The Middle Cypriot period on the island is established primarily on the basis of ceramic typology with the introduction of White Painted (II) ware. Red Polished pottery also remains popular throughout the period, while a Black Polished variant forms only a small percentage of the ceramic assemblage. At Lapithos and Karmi there is increasing evidence for social division, with certain tombs far outpacing others in size and the number and value of grave goods. Particularly diagnostic of wealth is the inclusion in some tombs of large bronze blades. A number of sites across the island have yielded remains from this period: Alambra Mouttes, Episkopi Phaneromeni, and Kalopsidha among them. The sites of Nitoviklia, Dhali Kafkalia, and Krini were all encircled by fortification walls. This behavior general signifies insecurity or the need for protection-- from whom is not certain, though Cyprus' isolation in the Mediterranean suggests the threats were internal. The increasing appearance of bronze weaponry in the archaeological record may indicate competition for the island's limited resources of arable land and metal, the latter of which was now being mined intensively at sites such as Ambelikou Aletri, both for export and internal use. There can be little doubt that Cyprus' rich copper resources drew the attention of the larger Mediterranean economy. There is evidence for trade with the thriving cultures of Minoan Create and the Levant, and Cyprus (referred to as Alashiya) appears in near eastern texts. As of yet there are no such references found on the island itself. Indeed, this period must be considered essentially prehistoric as the script of the culture, known as Cypro-Minoan, is undeciphered
Cyprus becomes increasingly wealthy during the Late Cypriot period. Fueled by copper exports and its location along significant Mediterranean trade routes, the economy of the island drove a select group of Cypriots to prominence. Fortified cities expanded at sites such as Enkomi, side-by-side with open trading settlements like that at Alassa. Both Syrian and Egyptian texts discuss relations with the kingdom of Alashiya during this period--Cyprus has been integrated into the world system of the Mediterranean. Cypriot social organization was intensely hierarchical during the Late Cypriot, with a handful of individuals or families controlling the means of copper production. Such elites glorified themselves through large, wealthy graves.
The roots of Greek culture on Cyprus can be traced to the Late Cypriot with the arrival of the Mycenaeans who came as settlers and traders, bringing with them their own ceramic styles that would influence the indigenous styles of Cyprus. Around 1200 BC there was a great upheaval on the Greek mainland, often (though perhaps misleadingly) referred to as the Dorian Invasion. At about the same time, destruction levels can be witnessed at many near eastern cities (e.g. Ugarit), and Egypt is confronting the threat of a culture known as the "Sea Peoples". Refugees from all over the Mediterranean flocked to the relative safety of Cyprus in this time of disarray, each influencing Cypriot culture in their own way.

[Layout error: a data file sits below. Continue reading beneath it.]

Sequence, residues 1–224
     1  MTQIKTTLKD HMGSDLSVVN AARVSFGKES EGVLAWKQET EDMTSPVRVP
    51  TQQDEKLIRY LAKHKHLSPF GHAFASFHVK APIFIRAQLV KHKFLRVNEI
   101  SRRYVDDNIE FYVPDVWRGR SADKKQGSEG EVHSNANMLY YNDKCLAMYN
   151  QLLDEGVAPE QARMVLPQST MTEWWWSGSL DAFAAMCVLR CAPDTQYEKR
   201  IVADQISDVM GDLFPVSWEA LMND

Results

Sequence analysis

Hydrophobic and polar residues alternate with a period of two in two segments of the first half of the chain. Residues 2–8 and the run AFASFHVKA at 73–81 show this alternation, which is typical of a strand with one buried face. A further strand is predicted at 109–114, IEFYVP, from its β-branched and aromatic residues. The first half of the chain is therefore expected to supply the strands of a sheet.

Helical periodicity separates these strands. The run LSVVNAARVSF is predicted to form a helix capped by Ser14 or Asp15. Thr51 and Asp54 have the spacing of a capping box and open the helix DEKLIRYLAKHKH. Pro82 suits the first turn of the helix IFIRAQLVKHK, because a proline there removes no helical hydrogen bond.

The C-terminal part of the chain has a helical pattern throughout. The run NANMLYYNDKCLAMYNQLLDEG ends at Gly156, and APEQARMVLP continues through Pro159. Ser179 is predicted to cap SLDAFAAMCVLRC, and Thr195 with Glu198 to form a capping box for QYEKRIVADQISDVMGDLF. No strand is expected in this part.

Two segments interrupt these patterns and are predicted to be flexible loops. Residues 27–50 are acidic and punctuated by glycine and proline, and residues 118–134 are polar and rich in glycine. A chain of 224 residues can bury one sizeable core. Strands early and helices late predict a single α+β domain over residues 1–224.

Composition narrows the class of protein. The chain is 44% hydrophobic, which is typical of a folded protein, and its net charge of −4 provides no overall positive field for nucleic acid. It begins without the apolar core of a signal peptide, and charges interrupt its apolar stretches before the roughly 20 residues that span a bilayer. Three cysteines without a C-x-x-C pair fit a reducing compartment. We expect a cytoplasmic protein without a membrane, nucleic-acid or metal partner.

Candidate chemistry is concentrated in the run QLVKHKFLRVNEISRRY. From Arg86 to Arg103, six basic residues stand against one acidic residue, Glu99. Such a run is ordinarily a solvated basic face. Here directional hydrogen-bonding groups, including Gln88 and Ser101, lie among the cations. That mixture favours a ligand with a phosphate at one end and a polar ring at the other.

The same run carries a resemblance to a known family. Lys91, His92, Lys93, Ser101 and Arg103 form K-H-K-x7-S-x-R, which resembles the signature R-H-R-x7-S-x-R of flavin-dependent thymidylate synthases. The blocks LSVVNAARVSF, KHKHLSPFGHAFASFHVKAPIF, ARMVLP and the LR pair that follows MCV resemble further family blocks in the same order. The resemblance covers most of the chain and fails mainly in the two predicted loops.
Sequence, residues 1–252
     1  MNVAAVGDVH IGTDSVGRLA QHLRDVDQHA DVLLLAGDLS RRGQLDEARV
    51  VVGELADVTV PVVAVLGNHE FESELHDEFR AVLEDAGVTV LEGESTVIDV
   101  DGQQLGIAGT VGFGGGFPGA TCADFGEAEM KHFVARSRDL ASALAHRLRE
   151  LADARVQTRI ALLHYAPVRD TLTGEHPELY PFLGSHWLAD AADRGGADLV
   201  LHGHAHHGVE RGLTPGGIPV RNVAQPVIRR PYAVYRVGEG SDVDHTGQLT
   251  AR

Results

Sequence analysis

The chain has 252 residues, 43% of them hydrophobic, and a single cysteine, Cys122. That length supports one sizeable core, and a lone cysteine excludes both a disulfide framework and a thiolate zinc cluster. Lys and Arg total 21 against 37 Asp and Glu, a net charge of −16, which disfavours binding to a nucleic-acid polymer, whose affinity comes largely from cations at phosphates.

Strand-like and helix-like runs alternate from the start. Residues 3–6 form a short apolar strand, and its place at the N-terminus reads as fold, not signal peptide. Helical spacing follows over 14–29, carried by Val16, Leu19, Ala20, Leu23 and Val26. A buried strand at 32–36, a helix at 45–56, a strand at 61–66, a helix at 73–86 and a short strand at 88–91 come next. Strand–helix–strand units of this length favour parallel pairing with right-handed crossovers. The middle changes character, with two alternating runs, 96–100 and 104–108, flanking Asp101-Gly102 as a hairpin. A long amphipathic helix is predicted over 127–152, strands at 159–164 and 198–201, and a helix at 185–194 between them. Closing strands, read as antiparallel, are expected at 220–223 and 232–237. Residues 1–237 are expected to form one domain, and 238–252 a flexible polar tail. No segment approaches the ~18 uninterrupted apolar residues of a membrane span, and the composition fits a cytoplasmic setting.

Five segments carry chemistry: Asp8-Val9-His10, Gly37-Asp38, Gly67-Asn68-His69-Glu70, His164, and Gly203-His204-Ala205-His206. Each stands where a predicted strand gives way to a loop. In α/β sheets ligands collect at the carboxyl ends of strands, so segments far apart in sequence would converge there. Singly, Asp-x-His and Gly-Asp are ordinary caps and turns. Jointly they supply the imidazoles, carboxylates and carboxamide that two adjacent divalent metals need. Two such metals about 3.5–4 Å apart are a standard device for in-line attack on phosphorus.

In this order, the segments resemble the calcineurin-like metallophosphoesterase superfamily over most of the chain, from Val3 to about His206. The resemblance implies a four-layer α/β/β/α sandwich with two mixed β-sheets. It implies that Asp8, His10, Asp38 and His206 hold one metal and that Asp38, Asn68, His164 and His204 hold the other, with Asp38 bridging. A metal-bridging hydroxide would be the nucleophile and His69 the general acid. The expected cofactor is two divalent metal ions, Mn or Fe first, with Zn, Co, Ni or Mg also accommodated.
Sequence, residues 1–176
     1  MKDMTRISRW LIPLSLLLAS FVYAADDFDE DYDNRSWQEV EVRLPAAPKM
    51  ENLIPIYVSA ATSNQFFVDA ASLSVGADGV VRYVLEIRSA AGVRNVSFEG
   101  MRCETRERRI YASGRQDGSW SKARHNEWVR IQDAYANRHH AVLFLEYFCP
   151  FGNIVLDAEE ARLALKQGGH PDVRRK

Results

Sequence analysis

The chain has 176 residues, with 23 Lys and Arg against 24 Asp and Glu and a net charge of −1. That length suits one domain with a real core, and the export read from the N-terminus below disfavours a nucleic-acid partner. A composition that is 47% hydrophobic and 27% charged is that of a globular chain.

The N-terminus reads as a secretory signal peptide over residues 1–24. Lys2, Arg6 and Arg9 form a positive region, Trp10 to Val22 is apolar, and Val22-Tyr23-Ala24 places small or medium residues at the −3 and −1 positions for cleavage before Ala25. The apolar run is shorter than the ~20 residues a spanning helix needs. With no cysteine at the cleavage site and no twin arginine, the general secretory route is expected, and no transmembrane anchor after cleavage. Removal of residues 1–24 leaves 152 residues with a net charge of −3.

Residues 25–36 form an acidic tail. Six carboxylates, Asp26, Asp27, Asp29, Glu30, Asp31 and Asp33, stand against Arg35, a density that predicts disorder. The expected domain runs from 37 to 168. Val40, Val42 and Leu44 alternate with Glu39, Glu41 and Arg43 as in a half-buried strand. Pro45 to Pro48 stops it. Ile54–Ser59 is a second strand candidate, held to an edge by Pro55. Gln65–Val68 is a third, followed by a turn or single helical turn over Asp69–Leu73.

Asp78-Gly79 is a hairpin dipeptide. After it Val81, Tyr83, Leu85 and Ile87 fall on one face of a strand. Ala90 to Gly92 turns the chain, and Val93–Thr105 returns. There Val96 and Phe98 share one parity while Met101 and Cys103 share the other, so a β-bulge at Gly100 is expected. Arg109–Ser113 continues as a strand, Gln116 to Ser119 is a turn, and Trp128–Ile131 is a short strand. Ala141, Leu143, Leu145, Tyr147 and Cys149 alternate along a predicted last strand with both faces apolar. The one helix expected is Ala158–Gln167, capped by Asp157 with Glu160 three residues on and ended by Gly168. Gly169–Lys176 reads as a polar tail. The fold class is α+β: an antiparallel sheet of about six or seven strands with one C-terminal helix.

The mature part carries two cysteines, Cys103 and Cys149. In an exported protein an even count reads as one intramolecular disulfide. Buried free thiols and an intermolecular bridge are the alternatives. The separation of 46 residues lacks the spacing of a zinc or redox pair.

The Cypro-Geometric period is marked by a paucity of written records, but funerary evidence from Salamis and Lapithos suggests a continuation and further entrenchment of status elites. Wealthy tombs have a multi-national character: pottery imported from Greece and Syria, scarabs imported from Egypt, fine gold and silver jewelry, and intricate metalwork. Surely the international ties developed in the Late Cypriot had not been severed, and the demand for copper remained strong. The Phoenicians settled on the island by the 9th century BC, occupying sites such as Kition and Amathus and founding new ones as well. Other significant sites of the period include Salamis, Kourion, and Ledra (which would ultimately become modern Nicosia). The island was divided politically during this period into ca. 10 city-states, each vying with the others for control of the island's resources.
The isolation of Cyprus from the mainland ceased to insulate it during the Cypro-Archaic period. Many of the great nations of the day record some kind of domination over Cyprus. Assyria indicated that Cyprus paid it tribute, but there is no evidence that they invaded the island. The pharaoh Amasis, of Egypt's 26th dynasty, laid claim to Cyprus in the C6th BC, but again we lack evidence for an actual invasion. Cyprus was incorporated into Persian Empire around 550 BC, but joined the Ionian Revolt against Persian domination in 499. The revolt failed, and Cyprus remained for a time under the Persian yoke.
The island was increasingly beholden to other nations during the Cypro-Classical period, as Athens and Persia vied for supremacy on the island. This struggle came to a close In 386 BC, when the Athenians gave their claim to the island over to Persia. Cyprus would remain under Persian influence until 333 BC, when Alexander the Great would add the island to his growing list of conquests. Throughout the Hellenistic Period, Cyprus was ruled by the Ptolemaic kings of Egypt until, in 22 BC, the island formally came under Roman and, later, Byzantine rule.